WRT Lawson’s empiricism, it must be said that not all Austerians adhere to the same epistemology, eg Mises was a Kantian, Hayek was a Popperian, and i believe that Rothbard was an Aristotelian.

  • Paul Marks

    Yes Snorri – the Index is a very good (although difficult) idea, more on that in a moment.

    As for epistemology – Carl Menger set out the basic rules of Austrian School (although he did not tend to use the actual term “Austrian School”), in opposition the German Historical School (the Historicists) – hence the “War of Method” of the late 19th century.

    That the universe, physical reality, is real (objective – that economic value is subjective does NOT contradict this), that there are rules of logic that are universal (that are not dependent on “race”, “class” or “historical stage”), and that human beings are also real, that our choices are real (not “illusions”), indeed that economics is about the choices (the real choices) if individuals – methodological individualism.

    This is all Artistotelian – indeed Carl Menger was influenced by the philosopher Franz Branteno. However, one can follow Kant and come to the same conclusions (contrary to many of his followers Kant did NOT believe that the physical universe was just a figment of the mind – and Kant certainly believed in Agency, Free Will, the capacity for real choice – including moral choice).

    Actually Karl Popper believed in all this as well – he believed that the physical universe was real (objective) and that there were universal rules of logic (Karl Popper was an enemy of Historicism – indeed he wrote a once famous book attacking it “The Poverty of Historicism”, that was well know in my youth). And Karl Popper certainly believed in moral agency (Free Will) – those who think that Popper was a logical positivist are just mistaken.

    The problem with F.A. Hayek is not that he was influenced by Karl Popper – but that, in certain key respects, he was not. Some of the philosophical assumptions that Hayek was taught in his youth are radically incompatible with the Austrian School – and I am not sure he even fully freed himself from these assumptions. Hayek kept saying that the collectivists were making incorrect political deductions from their philosophy – but they were NOT. On the contrary if one accepts their philosophy (for example its determinism – its assumption that humans are just flesh robots) than collectivist politics is perfectly natural. Contra Hayek one can NOT ditch the philosophical foundations of the “Old Whigs” and keep the political conclusions of the “Old Whigs”. If there is no real “I” (no human persons) then why should one care about the “Euthanasia of the Constitution”? And, of course, David Hume was famously indifferent to the “Euthanasia of the Constitution” – and that was logically consistent with his philosophy (if human persons, the “I”, are not actually real, if they are really flesh robots, why is their fictional “freedom” of any real importance – of course it would be of no importance at all).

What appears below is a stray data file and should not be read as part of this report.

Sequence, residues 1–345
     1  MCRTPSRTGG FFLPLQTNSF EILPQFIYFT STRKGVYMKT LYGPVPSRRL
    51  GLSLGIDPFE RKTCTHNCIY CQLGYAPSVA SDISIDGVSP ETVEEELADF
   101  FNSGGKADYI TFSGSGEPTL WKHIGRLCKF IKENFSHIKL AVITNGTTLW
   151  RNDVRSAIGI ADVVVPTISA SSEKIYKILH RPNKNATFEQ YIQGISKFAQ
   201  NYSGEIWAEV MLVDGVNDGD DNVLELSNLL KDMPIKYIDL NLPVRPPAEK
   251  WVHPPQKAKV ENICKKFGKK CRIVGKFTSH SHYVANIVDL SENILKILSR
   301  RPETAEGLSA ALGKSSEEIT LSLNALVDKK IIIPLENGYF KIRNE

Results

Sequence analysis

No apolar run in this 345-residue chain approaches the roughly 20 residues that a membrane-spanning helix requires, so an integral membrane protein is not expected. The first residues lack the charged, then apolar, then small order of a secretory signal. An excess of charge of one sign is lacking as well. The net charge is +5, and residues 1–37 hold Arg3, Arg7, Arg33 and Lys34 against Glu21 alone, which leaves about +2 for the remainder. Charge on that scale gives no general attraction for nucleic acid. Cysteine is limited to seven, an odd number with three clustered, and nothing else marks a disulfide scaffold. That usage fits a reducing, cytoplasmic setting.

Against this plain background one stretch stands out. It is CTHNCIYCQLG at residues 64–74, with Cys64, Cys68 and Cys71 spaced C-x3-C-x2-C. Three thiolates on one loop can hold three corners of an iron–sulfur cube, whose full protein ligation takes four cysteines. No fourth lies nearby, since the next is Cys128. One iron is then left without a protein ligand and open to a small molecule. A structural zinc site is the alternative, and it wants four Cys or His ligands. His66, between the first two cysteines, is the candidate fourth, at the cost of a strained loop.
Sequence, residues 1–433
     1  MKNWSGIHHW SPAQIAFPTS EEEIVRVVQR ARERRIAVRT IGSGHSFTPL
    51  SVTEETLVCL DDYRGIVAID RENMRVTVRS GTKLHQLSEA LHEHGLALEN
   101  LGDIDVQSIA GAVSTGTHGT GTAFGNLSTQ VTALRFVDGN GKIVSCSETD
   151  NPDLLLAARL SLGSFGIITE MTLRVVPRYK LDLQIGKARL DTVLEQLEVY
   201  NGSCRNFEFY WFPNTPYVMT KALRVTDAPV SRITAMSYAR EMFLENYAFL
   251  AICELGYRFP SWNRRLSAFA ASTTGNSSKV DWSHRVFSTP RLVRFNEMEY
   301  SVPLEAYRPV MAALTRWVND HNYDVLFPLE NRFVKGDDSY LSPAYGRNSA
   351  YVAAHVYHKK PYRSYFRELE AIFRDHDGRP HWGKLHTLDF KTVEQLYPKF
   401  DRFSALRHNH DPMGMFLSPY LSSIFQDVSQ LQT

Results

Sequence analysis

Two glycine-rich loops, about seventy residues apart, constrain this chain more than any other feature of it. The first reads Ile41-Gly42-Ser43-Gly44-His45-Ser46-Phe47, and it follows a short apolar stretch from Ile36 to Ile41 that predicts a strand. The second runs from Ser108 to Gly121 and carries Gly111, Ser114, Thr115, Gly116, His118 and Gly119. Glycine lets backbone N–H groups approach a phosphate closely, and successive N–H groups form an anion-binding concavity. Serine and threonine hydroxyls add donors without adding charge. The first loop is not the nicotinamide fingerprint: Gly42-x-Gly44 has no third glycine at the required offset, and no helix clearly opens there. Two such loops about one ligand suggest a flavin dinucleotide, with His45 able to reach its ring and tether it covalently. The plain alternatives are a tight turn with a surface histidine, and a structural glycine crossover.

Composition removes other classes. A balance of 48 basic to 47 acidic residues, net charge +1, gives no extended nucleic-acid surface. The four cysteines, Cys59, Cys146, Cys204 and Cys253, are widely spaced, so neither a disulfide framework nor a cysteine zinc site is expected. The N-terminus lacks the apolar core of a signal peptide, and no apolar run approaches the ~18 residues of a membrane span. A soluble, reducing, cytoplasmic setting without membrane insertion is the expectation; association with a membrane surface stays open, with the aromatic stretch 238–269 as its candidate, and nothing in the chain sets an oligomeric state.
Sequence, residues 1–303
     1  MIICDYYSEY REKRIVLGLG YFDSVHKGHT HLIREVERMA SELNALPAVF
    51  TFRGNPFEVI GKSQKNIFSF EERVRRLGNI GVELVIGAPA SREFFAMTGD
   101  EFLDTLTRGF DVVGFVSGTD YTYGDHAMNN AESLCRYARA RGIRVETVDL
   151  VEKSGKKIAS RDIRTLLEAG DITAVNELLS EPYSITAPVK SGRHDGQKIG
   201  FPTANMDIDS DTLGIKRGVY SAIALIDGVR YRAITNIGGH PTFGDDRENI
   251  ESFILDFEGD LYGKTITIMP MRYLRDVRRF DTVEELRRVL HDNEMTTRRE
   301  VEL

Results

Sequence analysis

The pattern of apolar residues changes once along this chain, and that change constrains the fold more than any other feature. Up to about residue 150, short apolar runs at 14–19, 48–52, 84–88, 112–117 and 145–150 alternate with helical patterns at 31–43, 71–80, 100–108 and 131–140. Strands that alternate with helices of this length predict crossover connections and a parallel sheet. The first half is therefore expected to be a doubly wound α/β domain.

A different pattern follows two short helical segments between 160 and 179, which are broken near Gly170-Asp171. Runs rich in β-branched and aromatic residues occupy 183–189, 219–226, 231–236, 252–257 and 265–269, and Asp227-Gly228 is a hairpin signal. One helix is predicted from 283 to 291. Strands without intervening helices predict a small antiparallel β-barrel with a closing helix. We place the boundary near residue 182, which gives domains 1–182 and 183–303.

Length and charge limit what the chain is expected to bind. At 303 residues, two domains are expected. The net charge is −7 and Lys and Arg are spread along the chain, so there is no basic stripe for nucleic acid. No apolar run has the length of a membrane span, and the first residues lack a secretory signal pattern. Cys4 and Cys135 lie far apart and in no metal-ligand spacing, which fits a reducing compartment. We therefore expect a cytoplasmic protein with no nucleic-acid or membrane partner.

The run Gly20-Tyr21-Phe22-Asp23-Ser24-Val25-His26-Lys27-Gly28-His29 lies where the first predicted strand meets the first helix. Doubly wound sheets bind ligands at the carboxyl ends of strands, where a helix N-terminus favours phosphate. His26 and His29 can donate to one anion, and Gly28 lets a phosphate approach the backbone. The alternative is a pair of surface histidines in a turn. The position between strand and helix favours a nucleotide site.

As for empiricism – now that is problematic as regards Karl Popper.

    Are the methods that Karl Popper suggested for the natural sciences suitable for economics and politics?

    Contra to Snorri I do not think that Hayek made the mistake of thinking they were – although I am open to correction on this point.

    However, Milton Friedman certainly did try and apply the methods of natural science to economics – indeed he went FURTHER than Karl Popper would ever have done.

    Karl Popper always insisted that a theory must make sense (logical sense) before one tries to refute it – if the theory makes no logical sense it is simply a waste of time (it is not really a theory at all). A theory must be a rational attempt to explain an aspect of reality – not some bit of illogical nonsense, that can be claimed to “predict” X,Y,Z.

    In the early 1950s Milton Friedman comes to very different conclusions – in his Essays on Positive Economics.

    In these essays Milton Friedman seems to hold the position that it does not matter of a theory makes any logical sense at all – as long as it “predicts” accurately.

    That is not really Karl Popper – that is the insanity of Logical Positivism.

  • Alisa

    IMO:

    He pointed out that economics is not the only science that is unable to conduct all the experiments it might like to, but instead must mostly depend on theories hypotheses, and on observations to test those theories hypotheses.

  • Paul Marks

    To use a bit of jargon – Karl Popper was a deductivist not an inductivist.

    The theory (the hypothesis) comes first – from the human mind (the “I” – which really does exist), and must make logical sense before one tests it.

    That does not hold for technology – in technology it does not matter if a theory makes no sense as it long as it works. But technology is not science – technology is “I want something to do X”, science is “I want to know WHY this thing does X”.

    Science is about WHY. Science is about the desire of human agents (or non human agents – if there are any space aliens out there) to understand WHY things happen. The desire of the I to understand the non I. Science is not fundamentally about creating shiny bits of kit – that is technology (a noble calling – but not the same calling). And science is not fundamentally about doing sums – that is mathematics (also a noble calling – but not the same calling).